If Tom Waits hadn't released the stunning and remarkably varied Mule Variations in 1999, I don't think I would have ever found myself exploring his music so deeply, or ever found so many of the off-beat treasures and poetic screwball truths that flowed out like an unexpected drip from his rough growl of a voice and beatnik shuffle tunes. I'd be missing several favorite songs, I'd have likely bypassed all but his most obvious musical moments. I'd be left wondering what the big deal was when I heard his name. And I'd certainly have a clear head today, not lost in the anticipation of watching the man perform in El Paso on Friday.
Sometimes albums are released at the absolute perfect time in your life, when they can smack you in the face and shake up everything you thought you knew about music. They alter what you want from a song - deliver meaning when you wanted a beat, substitute truth for a good melody, or leave you staring at the horizon in confusion just a second after you thought you might be close to grasping what it all mean.
The most powerful albums in my life have almost always been the ones I caught on to when they were fresh, those new musical artifacts you get to ride as if they were waves, right at the same time everyone else in the world is listening. The new is what captivates the most. The new is what makes you feel like you're worthy of walking the hippest razor's edge you can find. The new is the powerful.
And Mule Variations is Waits returning with a new studio album after seven years. His 16th record was lagging a bit considering it was his 16th in 26 years, but as an established musician and cult favorite it really wasn't that long. So consider this as a comparison: Mule Variations was released the week I turned 20, more or less a good ways down my road to being a savvy music fan. But as a 13-year-old barely able to wrap his head around the emerging grunge trend, I wouldn't have had the slightest clue what to do with an album like Bone Machine.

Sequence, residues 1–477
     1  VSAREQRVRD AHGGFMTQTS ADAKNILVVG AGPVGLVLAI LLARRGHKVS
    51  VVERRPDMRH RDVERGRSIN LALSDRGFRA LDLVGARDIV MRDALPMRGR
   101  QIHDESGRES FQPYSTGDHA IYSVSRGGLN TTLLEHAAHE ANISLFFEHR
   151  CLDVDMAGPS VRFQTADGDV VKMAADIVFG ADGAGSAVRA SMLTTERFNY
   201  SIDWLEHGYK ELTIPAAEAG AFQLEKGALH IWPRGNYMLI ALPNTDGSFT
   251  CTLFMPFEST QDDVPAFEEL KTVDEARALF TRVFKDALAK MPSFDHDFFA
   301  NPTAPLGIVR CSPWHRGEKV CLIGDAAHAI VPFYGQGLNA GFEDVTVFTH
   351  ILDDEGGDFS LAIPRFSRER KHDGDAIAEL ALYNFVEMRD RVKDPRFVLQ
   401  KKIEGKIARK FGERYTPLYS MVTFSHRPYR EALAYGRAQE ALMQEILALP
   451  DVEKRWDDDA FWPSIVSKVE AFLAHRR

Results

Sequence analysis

But I was more-or-less equipped mentally to take in Mule Variations. And friends from all walks seemed to be finding it and sharing it in one big soupy mix of exploration. I was finding that folks who called their favorite bands Radiohead, Bob Dylan, B.B. King, the Magnetic Fields, Wilco, Bad Religion, Johnny Cash and Beck were all coming together over this new Tom Waits record. The agreement was notable enough in itself, but the fervor with which I was watching various friends recommend this new album was what drove me to join the club.
I was most immediately drawn to the ballads: "Hold On" is permanently the list of my five favorite songs - and "House Where Nobody Lives," "Pony" and "Picture in a Frame" were all immediate touchstones on that album. That reaction is fitting because as I've continued to dive into the man's intense and dense catalog for the last nine years (digging both proper albums and a good number of bootlegs), that early folk-jazz period is what I find most captivating. But Mule Variations is far from a pretty or precious album. Waits' ramshackle rythymic witchery just may be at the highest level he ever reached.
After all these years, what I like most about the album is how it makes such a strong statement in favor of all the different paths his career has taken over nearly 30 years. Mule Variations represents everything that Tom Waits does well - from the heart-broken troubadour stuff to his so-called junkyard orchestra. He's a madman and an oracle, running through 16 songs, half of which you could dance to with your grandmother and half of which make you shake with fear.
I'm sure 99 percent of the people who ever wrote a song would rest their heads with pride and glory to have Mule Variations as a greatest hits collection. And the record could certainly stand as a greatest hits for Waits, if anyone is reductive enough to take it as such. It's certainly one of my all-time top 10 albums, but more than that, it was a springboard for me into a fascinating and rewarding catalog of albums that I'll almost certainly continue absorbing over decades rather than years.
And I can't say enough great things about the VH1 Storytellers show Waits performed in connection with the Mule Variations release. It is without a doubt among the top handful of concert recordings I have ever heard. The songs, the stories, the overall performance and the recording quality are all A+ material. So give it a few good listens, and let's all just thank the man for writing and singing songs for all these years...
Tom Waits - Picture in a Frame (live Storytellers)
Tom Waits - VH1 Storytellers 1999 (zip file)